Blessed Cardinal John Henry Newman
Blessed Cardinal John Henry Newman

Poetry was important to Newman throughout his life. Within his poetry runs a thread of autobiography which gives an intimate insight into his feelings, his heart, and his mind. Knowing this makes reading his poetry all the more rewarding, like unwrapping a package. As we go through some of his poems, we can ask, “What can we discover about you in this poem, John Henry?  The poem, “Snapdragon: a Riddle for a Flower Book” brings a rich reward of discovery. It seems at first a straightforward poem in which Newman extols the beautiful simplicity of a Snapdragon, a sturdy and tenacious flower, native to both Europe and the middle east, a flower which is able to grow in stone walls.  The poem is told from the viewpoint of the Snapdragon and through the imagined voice of the Snapdragon, and the end of the poem will solve the “riddle” from the title, which will also bring us closer to Newman.

The pleasant sound of this poem, both to read and to hear, comes from its evenly metered mostly trochaic lines, that is, the syllables in the words in each line are arranged so they are in a repeated pattern of stressed and unstressed syllables.  (a trochee is two syllables, the first stressed, the second unstressed – like “AN-gel”). There are also a few iambic lines (an iamb is two syllables, the first unstressed, the second, stressed – like “for -GIVE”).  These metered lines follow the rhyme scheme of the couplet; that is, with each pair of lines, the final words rhyme. Newman amazingly used 27 different pairs of end rhyme, with only two repeated rhymes.  This meter and rhyme scheme is evident in the first 6 lines:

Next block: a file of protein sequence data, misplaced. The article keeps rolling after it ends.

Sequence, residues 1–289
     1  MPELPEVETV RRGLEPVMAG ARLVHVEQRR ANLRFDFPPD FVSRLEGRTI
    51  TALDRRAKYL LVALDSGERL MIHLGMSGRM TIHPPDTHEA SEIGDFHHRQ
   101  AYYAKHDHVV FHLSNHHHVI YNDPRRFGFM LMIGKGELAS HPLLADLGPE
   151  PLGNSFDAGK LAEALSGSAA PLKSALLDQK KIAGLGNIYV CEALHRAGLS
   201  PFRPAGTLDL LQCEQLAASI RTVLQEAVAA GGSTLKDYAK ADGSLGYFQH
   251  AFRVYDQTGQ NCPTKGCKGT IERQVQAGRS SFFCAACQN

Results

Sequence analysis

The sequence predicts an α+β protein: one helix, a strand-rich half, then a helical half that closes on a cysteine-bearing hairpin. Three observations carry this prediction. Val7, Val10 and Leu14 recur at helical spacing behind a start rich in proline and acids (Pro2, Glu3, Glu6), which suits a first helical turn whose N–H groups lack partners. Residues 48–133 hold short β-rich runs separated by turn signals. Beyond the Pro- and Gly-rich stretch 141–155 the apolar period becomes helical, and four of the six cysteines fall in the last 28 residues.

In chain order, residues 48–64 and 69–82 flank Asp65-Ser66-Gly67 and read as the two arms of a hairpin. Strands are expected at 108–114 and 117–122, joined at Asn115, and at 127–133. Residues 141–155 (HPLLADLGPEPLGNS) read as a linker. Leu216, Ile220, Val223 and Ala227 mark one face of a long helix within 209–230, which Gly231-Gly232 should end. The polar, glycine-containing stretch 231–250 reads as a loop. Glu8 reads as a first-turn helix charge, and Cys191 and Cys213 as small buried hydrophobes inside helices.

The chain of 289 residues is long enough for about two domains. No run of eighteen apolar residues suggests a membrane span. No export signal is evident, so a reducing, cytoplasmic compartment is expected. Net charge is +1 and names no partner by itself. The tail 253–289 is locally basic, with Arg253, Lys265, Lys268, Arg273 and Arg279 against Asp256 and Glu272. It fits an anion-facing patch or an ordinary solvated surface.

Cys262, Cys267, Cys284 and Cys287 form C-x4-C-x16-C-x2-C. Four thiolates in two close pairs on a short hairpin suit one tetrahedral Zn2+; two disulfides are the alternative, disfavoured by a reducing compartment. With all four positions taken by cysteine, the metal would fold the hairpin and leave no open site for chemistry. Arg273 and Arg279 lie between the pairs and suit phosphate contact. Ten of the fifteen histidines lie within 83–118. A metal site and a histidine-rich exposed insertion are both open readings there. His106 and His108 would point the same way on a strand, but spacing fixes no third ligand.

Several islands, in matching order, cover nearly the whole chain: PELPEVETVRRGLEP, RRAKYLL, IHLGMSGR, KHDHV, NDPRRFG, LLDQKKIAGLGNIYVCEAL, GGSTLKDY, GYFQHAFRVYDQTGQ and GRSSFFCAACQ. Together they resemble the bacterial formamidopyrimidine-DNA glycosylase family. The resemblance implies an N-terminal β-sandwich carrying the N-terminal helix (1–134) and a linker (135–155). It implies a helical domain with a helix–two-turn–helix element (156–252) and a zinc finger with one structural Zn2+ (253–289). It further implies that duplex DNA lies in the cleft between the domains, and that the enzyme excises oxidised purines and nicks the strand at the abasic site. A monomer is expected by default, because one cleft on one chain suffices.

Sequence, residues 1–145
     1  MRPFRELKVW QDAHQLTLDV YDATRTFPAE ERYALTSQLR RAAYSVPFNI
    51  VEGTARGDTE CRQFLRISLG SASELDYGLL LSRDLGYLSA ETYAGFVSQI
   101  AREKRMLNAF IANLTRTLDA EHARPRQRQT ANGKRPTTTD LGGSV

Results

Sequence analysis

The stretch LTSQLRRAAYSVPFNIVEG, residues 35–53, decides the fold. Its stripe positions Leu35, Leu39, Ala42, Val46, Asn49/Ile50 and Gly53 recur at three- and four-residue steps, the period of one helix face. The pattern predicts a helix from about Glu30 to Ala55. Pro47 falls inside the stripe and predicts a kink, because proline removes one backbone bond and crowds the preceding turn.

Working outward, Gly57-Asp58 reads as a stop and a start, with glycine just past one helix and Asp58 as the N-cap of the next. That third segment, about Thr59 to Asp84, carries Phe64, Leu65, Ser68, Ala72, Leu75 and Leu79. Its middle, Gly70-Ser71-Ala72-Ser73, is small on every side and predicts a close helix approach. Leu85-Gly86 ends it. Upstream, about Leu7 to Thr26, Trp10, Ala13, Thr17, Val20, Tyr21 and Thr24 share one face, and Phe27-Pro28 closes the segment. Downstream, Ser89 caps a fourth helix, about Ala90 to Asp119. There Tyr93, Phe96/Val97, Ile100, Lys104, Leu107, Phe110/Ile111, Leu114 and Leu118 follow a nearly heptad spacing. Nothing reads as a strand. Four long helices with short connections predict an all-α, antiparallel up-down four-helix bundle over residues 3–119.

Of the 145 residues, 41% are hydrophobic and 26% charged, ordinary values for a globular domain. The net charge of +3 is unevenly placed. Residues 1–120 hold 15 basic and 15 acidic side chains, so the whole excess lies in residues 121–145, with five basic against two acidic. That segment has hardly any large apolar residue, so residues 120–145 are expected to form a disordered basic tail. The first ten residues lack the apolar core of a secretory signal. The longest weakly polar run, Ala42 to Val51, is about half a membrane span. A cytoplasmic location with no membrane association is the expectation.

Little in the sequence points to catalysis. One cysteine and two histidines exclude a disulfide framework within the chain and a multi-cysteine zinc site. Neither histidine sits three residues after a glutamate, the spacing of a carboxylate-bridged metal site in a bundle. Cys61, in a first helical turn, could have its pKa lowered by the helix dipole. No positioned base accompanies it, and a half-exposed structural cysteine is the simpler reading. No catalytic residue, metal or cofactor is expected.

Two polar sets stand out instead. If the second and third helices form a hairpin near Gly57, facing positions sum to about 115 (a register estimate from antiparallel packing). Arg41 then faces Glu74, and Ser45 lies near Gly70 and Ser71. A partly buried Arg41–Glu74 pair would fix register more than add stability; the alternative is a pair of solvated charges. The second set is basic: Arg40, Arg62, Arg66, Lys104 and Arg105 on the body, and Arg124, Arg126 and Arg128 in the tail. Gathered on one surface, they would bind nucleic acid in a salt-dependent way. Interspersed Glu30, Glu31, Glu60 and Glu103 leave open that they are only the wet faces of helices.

I AM rooted in the wall

Of buttress’d tower or ancient hall;

Prison’d in an art-wrought bed.

Cased in mortar, cramp’d with lead;

Of a living stock alone

Brother of the lifeless stone.

In these lines, Newman invites the reader to imagine the Snapdragon imprisoned in its cramped space – the only living thing in the wall,  “brother of the lifeless stone.” The poem continues, still in the voice of the Snapdragon, but then Newman contrasts the  “unprized” Snapdragon with fancier flowers – which he names and describes.

Else unprized, I have my worth

On the spot that gives me birth;

Nature’s vast and varied field

Braver flowers than me will yield,

Bold in form and rich in hue,

Children of a purer dew;

Smiling lips and winning eyes

Meet for earthly paradise.

Choice are such,—and yet thou knowest

Highest he whose lot is lowest.

They, proud hearts, a home reject

Framed by human architect;

Humble-I can bear to dwell

Near the pale recluse’s cell,

And I spread my crimson bloom,

Mingled with the cloister’s gloom.

Here, in the voice of the Snapdragon, Newman refers to fancy flowers, saying they “reject” a home “framed by human architect” – that is, the Snapdragon, happily lives in a man-built wall while the others must live in the soil or dirt of the field. This ability of the Snapdragon to live in stone means that it can live in all sorts of walls, as in a cloister – and brighten the gloomy walls with its crimson blooms. The Snapdragon, however, doesn’t mind.  “Highest he whose lot is lowest” and  “Humble-I can bear to dwell/Near the pale recluse’s cell.” The Snapdragon isn’t envious of the other flowers. It is content to brighten its surroundings without notice from the world. So in two separate lines, Newman has brought up the humility of the Snapdragon.  Newman struggled with pride — he wanted to obtain academic distinction. Here, though, we find  him praising the lowly Snapdragon for this trait he desired.


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